Victims, businesses changed in aftermath of violent incidents

July 15, 2007|By PEPPER BALLARD

HAGERSTOWN-Papa John's Pizza won't send its delivery drivers to Hagerstown's higher crime areas after dark because its oldest driver was robbed twice this year while delivering pizza.

A 17-year-old Big Dipper employee said she has been afraid to do anything by herself after a robber cornered her in the Hagerstown ice cream store where she worked in May.

Oak Ridge Liquors has installed video cameras, posted a large security sign and made it a policy to keep less money in the cash register after the Halfway-area store was robbed in February.

No matter where the robbery, area victims interviewed for this story agreed their brief experiences with robbers continue to affect the way they conduct themselves and their businesses.


"It's been terrible really. Our drivers are out there trying to make a living," said Donna Ferruzza, the assistant manager at the Papa John's Pizza in Hagerstown.

Ferruzza said the business has changed many of its policies in Hagerstown since one of its drivers, a 71-year-old man, was robbed for the second time. He was robbed once on South Potomac Street and once on Lynnhaven Drive.

Drivers are no longer sent to areas around Jonathan Street, Security Road and Noland Village after dark because they are "really bad areas, especially at nighttime," she said.

The store has received complaints about the new policy, but Ferruzza said she explains that the restaurant has to "look out for the safety of our drivers."

Should street lights be out for some reason, Ferruzza said, drivers also will not deliver to certain areas as a safety precaution.

Drivers also don't carry as much cash on them as they once did, and the Cleveland Avenue store, which has a security camera system, is locked during business hours after darkness falls to protect its employees, she said.

The 17-year-old girl who was robbed at Big Dipper said she was still paralyzed with fear about a month after a man entered the Virginia Avenue ice cream store at about 12:45 p.m. on a day in May, asked for an application for employment and proceeded to corner her and threaten her while the two were alone in the store, said the girl, who did not want to be identified by name.

"I won't even go into my house by myself. I will not do anything by myself. Everybody's telling me to get over it," the girl said.

"I get scared when people walk in, if it's just one person," she said.

Since the incident, Big Dipper Owner Selina Grogg said she makes sure always to schedule at least two people to work on a given shift.

The 17-year-old clerk was not working alone when the store was robbed. Former owner Wayne Eury was working with her, but was outside at the store's trash bin when the robber walked in.

In the 17 years he owned the ice cream store, Eury said, the May robbery was the first for the store.

An armed robbery at Oak Ridge Liquors on Feb. 20 was that store's first robbery under Davy Ly's ownership, she said.

Shortly after the robbery, Ly said she had a video surveillance system installed. A large tin sign hangs on the front door that reads: "Security Notice: Video cameras in use on this premises."

She said she has more people on staff in the store at any given time. On a recent afternoon, at least three employees were working in the Oak Ridge Drive business.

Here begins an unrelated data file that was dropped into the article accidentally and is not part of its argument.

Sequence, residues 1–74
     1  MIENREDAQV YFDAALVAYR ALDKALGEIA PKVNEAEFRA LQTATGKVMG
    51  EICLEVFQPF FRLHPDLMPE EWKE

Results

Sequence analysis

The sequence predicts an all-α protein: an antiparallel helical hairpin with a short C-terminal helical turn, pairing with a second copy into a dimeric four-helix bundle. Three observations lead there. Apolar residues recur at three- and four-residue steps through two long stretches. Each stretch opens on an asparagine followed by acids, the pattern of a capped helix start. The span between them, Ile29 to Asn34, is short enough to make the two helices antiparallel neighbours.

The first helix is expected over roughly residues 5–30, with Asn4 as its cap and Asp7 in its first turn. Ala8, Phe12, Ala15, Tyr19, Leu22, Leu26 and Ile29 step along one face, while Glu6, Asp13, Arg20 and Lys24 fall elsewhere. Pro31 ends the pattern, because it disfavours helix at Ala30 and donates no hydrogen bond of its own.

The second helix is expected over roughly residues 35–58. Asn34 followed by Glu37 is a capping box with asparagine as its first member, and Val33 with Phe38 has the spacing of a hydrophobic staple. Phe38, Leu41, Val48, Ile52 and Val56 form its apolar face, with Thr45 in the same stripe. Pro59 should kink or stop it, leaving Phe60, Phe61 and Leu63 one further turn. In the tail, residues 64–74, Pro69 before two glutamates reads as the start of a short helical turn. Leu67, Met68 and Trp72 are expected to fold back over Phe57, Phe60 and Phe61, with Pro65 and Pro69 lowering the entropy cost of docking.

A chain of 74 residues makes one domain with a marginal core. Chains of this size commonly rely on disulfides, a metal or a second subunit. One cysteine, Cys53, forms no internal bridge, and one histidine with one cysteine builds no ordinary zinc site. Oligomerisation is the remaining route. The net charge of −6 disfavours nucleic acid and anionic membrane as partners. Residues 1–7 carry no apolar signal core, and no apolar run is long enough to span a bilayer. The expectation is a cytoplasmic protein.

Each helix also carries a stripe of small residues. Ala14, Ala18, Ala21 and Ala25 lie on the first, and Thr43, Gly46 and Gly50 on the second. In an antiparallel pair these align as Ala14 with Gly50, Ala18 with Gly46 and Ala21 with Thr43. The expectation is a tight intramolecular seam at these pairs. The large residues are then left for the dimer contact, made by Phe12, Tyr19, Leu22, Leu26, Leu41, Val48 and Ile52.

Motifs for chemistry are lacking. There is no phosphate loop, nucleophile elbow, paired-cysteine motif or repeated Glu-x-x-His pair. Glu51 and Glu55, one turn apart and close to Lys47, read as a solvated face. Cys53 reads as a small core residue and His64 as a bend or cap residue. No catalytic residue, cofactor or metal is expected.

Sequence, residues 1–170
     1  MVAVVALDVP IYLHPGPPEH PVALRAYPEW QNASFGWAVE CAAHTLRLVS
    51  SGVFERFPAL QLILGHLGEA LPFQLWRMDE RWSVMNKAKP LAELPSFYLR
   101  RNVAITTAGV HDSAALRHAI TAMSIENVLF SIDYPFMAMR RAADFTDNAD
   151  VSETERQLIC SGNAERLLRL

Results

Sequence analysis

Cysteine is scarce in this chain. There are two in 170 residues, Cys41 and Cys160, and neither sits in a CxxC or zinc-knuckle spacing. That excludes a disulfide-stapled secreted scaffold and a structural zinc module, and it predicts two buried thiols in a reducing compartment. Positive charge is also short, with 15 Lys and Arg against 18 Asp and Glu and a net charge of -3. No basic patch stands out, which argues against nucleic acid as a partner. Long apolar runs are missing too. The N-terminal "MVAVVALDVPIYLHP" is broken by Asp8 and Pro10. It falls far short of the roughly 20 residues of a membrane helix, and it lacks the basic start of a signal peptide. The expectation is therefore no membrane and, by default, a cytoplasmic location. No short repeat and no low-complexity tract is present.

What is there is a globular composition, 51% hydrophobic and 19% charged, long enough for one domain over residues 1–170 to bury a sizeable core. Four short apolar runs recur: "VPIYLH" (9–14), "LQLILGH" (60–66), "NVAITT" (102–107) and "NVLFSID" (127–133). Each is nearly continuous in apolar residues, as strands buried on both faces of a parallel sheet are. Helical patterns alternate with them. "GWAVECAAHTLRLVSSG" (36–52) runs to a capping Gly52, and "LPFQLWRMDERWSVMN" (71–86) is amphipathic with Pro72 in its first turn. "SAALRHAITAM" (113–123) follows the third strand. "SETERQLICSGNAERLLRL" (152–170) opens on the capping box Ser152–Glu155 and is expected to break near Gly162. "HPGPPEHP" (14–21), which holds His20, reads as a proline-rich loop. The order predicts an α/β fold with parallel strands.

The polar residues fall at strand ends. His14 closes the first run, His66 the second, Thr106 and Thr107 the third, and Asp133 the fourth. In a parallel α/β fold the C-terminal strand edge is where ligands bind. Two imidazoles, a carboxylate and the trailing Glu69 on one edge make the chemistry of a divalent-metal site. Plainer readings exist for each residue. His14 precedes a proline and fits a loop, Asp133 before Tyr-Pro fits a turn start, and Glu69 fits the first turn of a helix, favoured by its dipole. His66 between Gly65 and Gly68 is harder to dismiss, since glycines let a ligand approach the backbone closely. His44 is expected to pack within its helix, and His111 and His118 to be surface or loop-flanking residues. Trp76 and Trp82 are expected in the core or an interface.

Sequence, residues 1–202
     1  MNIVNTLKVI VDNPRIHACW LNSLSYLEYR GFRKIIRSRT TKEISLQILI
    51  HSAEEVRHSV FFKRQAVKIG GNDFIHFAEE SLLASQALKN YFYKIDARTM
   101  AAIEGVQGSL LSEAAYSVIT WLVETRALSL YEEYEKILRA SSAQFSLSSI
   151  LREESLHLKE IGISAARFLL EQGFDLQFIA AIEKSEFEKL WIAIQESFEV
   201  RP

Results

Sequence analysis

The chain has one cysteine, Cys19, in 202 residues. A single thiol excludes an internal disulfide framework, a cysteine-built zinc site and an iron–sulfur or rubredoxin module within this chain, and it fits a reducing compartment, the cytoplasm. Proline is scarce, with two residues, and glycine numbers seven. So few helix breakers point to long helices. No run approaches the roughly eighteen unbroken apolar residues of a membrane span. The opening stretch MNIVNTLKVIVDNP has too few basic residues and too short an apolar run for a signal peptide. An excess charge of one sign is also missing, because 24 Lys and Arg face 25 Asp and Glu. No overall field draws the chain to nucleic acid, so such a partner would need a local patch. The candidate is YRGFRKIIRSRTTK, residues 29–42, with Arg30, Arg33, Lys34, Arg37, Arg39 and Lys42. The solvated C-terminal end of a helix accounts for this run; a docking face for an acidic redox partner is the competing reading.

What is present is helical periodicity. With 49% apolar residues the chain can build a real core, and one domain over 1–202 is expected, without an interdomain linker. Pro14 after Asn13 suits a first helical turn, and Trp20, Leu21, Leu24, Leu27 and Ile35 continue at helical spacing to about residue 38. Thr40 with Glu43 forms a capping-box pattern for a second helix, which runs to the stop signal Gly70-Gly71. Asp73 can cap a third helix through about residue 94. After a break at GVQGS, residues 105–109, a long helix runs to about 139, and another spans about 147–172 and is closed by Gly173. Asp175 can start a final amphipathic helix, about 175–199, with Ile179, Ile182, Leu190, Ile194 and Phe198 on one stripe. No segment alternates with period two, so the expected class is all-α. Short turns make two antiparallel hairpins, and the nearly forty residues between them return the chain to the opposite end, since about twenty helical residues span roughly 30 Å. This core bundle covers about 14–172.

Robbers strike at individuals as well as at businesses.

Milton Garber was attacked by a robber who knocked him to the ground and robbed him of $3,000 in the Wal-Mart parking lot at the Centre at Hagerstown on March 2.

The 80-year-old Garber said he had just tried to wire the money from Wal-Mart to a man he believed to be his grandson, who told Garber's wife he was stranded in Canada.

The man, who was not his grandson, instructed Garber to go to a Wal-Mart and wire him $3,000 to spring him from an Ontario jail.

Garber said he was not sure whether the man on the phone was connected with the man who robbed him in the parking lot. No arrests have been made in the March 2 incident.

Garber said he believes the man who robbed him was a man who stood near him at the Wal-Mart customer service counter and watched the clerk count the money.

Garber left the store without wiring the money.

"I noticed this fellow coming up about two lanes of cars in front of me. He came up to me and said, 'Can you find your car?'" Garber recalled.

"He walked alongside me and we got right in between two rows of cars. He grabbed me by the neck, put his knee right into my chest, got my two checkbooks and $3,000," he said.

Garber said he hooked the robber's foot with his leg and tripped him, but ultimately lost sight of him.

"I just never suspected anything like that would happen," he said.

Garber said the incident has made him much more guarded.

"I would advise people to be very alert, even in the daytime, when they're walking in the parking lot," he said.

Wayne Hamilton, owner and operator of Liberty gas stations on Jefferson Boulevard and West Washington Street, said he has tried to safeguard against robberies as much as possible.

Wayne's Country Store, at his West Washington Street gas station, has been robbed about 10 times since he took over ownership in 1991, he said.

"We've taken measures to reduce the risk ... You can't think like a robber. If you thought like a robber, you'd be ahead of the game a little bit," he said.

Hamilton said he hopes added security will make his employees feel safer at work. Some employees have quit after being robbed, and Hamilton said good employees are hard to find.

"That always has an effect on whoever is working. I've lost employees in the past because of it (a robbery)," Hamilton said. "It just takes a psychological effect on them, and I can't blame them."

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